Pam: Right.

Jim: … wasn’t right. And all of sudden, Dad wasn’t around much or at all, uh, but you didn’t feel like you could say, “Uh, where, where’s Dad?” ‘Cause there was something wrong about talking about it. Does that make sense?

Pam: It does. I think that harder part, um, for my mom and I because I was older-

Jim: Yeah.

Pam: … I became like a confidante, uh, to my mom and… But she was wise enough to realize, “Oh, my goodness, Pam shouldn’t have to be my counselor. I need to get a good counselor”-

Jim: Yeah.

Pam: … “I need to go talk to my pastor. I need to find a Christian counselor.” So, that was one of her first best decisions that she made is she surrounded herself with a support system, um, other single parents that had moved forward in life. And so she, she made a lot of decisions very quickly; um, moving us out… Well, she moved us out of California, back home to where to her, um, parents lived, and so-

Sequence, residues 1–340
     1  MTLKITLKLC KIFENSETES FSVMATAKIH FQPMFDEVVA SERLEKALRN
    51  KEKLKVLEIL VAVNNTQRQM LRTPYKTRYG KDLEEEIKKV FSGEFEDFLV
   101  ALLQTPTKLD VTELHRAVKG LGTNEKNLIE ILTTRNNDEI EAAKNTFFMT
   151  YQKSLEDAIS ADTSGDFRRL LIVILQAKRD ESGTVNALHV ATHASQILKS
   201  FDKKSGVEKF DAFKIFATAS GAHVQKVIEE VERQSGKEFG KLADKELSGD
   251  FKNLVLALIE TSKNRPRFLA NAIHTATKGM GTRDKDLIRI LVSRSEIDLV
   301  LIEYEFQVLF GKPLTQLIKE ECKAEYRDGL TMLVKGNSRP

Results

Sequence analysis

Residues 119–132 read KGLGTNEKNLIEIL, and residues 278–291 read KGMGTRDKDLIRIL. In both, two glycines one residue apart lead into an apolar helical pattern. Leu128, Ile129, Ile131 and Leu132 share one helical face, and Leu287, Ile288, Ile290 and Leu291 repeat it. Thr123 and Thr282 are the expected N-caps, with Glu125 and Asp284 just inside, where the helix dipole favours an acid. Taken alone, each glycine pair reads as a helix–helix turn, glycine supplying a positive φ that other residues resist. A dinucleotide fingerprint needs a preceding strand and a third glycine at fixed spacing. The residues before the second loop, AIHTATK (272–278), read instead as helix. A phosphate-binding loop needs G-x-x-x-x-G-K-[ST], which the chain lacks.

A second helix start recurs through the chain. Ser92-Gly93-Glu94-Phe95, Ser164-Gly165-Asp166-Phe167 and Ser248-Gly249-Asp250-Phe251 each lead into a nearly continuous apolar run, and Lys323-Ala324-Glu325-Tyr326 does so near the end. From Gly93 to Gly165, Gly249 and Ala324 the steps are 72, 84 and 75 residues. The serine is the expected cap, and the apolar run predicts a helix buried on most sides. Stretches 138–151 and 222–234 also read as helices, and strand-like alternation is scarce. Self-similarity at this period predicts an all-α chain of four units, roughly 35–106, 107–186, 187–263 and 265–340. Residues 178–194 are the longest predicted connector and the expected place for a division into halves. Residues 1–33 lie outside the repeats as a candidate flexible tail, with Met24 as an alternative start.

Jim: Oh, so you had support.

Pam: … we lived right… Yes.

Jim: Yeah.

Pam: But right down the street-

Jim: That’s good.

Pam: … from wonderful grandparents. Um, and we went there a lot because they were stable and encouraging and grandpa was like a male, um, role model-

Jim: Sure.

Pam: … for my brothers especially.

Jim: Healthy.

Pam: Yeah. And so there was some good decisions that she made quickly and sometimes that’s really tough to do because you’re selling the house, you’re like splitting finances, there’s lawyers, it’s a lot. And so we always encourage, um, single moms like, “Don’t go through it alone.” When Bill and I were pastoring, um, we had a two-step process. And so, uh, a woman would come, you know, in for counseling or the couple may have been counseling with Bill and then, you know, the guy opts out. Um, we get the single mom in a room with her best friends from the church, they’re healthy, and, um, her family may be from the area, and we say: “Okay, we need a crisis plan; six to eight weeks. And then we’ll work on the long-term plan to move you and your kids forward.”